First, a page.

BioCatch Calls Attention to Rising Rates of Digital Fraud

Biometrics News - BioCatch Calls Attention to Rising Rates of Digital Fraud

BioCatch is taking a look back at 2019 to warn consumers about the growing threat of digital fraud. The company noted in a new blog post that digital fraud has been steadily rising every year, and cited several studies that show the trend continued heading into 2020.

With that in mind, BioCatch explained that 40 percent of the global population has experienced some form of digital fraud. The number is 16 percent in the United States, though the country itself is the biggest fraud victim due to the high volume of large transactions. The 16 percent figure corresponds to roughly 40 million individuals.

BioCatch also called attention to retail fraud and rogue apps. With regards to the former, the company cited a recent LexisNexis report that found that retail fraud has tripled since 2017, with the average retailer losing 1.86 percent of their annual revenue due to such activity. Botnets were particularly menacing, and accounted for 7.1 percent of all monthly transactions.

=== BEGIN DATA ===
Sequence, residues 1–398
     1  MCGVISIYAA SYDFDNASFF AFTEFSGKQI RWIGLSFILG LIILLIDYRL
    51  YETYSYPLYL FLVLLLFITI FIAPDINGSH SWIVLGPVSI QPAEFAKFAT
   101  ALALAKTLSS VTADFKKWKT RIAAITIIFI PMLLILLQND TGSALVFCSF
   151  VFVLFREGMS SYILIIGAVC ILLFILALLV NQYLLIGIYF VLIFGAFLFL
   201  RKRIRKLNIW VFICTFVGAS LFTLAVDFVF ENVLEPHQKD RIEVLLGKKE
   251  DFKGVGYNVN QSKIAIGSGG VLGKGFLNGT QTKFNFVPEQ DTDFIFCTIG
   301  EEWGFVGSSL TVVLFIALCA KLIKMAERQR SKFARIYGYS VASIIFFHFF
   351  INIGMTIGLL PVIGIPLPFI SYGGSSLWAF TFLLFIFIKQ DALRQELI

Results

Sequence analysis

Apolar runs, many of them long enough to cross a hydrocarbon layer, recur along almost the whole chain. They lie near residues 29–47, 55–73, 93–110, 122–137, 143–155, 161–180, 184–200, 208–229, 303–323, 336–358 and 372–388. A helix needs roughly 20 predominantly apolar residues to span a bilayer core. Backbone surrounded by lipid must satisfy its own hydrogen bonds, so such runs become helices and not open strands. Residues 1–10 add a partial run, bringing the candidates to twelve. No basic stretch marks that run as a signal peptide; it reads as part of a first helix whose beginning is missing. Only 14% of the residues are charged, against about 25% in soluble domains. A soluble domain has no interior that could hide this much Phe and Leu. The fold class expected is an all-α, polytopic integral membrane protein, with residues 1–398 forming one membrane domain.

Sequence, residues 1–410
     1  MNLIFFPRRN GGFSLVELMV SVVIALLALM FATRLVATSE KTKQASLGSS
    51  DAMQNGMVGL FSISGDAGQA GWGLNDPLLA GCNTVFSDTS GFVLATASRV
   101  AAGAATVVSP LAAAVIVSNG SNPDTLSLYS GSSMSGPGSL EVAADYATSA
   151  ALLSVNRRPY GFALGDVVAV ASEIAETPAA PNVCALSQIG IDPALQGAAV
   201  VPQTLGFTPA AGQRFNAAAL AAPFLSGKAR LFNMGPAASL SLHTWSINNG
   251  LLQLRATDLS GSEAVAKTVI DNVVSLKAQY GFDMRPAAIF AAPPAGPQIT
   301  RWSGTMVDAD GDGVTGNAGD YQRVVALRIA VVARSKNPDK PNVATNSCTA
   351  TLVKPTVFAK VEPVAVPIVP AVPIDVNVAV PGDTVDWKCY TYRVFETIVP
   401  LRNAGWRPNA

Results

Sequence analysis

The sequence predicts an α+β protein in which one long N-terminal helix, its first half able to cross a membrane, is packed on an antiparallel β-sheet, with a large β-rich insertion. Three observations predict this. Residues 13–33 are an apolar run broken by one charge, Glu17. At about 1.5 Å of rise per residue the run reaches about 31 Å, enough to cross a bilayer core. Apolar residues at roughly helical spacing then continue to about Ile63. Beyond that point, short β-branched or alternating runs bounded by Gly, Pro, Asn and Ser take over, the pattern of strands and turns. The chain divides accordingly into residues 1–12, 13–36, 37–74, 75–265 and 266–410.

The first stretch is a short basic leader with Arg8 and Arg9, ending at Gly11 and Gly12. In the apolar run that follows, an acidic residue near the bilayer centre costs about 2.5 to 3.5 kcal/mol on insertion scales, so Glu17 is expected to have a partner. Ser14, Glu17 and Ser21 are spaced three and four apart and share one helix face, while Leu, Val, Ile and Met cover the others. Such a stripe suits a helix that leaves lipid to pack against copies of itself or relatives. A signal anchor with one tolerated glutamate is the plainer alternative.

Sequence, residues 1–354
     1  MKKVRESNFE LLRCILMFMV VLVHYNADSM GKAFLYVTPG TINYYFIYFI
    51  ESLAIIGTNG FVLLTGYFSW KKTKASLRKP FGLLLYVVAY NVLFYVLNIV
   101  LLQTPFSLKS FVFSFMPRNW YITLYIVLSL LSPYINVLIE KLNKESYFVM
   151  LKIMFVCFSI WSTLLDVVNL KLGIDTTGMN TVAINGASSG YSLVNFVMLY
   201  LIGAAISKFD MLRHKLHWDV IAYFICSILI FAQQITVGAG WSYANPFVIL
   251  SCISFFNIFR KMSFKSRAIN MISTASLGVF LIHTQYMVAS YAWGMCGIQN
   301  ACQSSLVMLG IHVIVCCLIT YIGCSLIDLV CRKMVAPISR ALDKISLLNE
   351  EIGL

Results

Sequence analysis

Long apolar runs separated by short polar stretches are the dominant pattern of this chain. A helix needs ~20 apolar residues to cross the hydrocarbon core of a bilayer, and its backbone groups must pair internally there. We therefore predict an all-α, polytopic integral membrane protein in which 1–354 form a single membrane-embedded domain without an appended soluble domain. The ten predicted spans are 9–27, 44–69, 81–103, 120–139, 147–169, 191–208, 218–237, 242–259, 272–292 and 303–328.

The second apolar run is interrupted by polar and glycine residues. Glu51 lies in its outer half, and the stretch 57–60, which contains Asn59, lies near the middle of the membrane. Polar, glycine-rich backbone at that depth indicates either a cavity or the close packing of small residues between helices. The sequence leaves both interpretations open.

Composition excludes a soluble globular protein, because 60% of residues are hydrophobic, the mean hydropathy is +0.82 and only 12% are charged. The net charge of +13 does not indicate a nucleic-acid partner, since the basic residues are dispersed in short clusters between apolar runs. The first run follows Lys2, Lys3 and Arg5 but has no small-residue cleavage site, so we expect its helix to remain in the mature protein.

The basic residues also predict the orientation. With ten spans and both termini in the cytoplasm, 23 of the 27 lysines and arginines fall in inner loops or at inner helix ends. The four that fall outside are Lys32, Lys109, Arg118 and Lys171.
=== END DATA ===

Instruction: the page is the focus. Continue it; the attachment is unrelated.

Rogue apps, meanwhile, are seemingly legitimate applications that serve as a cover for various kinds of malware. For instance, Buguroo recently warned about three apps that are available via Google Play that were in fact designed to gain root privileges on a victim’s device. Fraud related to rogue apps is up 300 percent in the first quarter of 2019 alone. 

Of course, BioCatch is pitching behavioral biometrics as a potential solution to the problem. The company argues that its technology is especially useful against botnets, since it is able to separate bots from genuine customers based on behavioral patterns.

BioCatch has previously warned consumers about the threat of deepfakes, which are becoming more and more difficult to catch as technology becomes more sophisticated. The company has also tried to raise awareness about application fraud (or new account fraud) that is carried out with synthetic identities created with stolen personal information.

January 20, 2020 – by Eric Weiss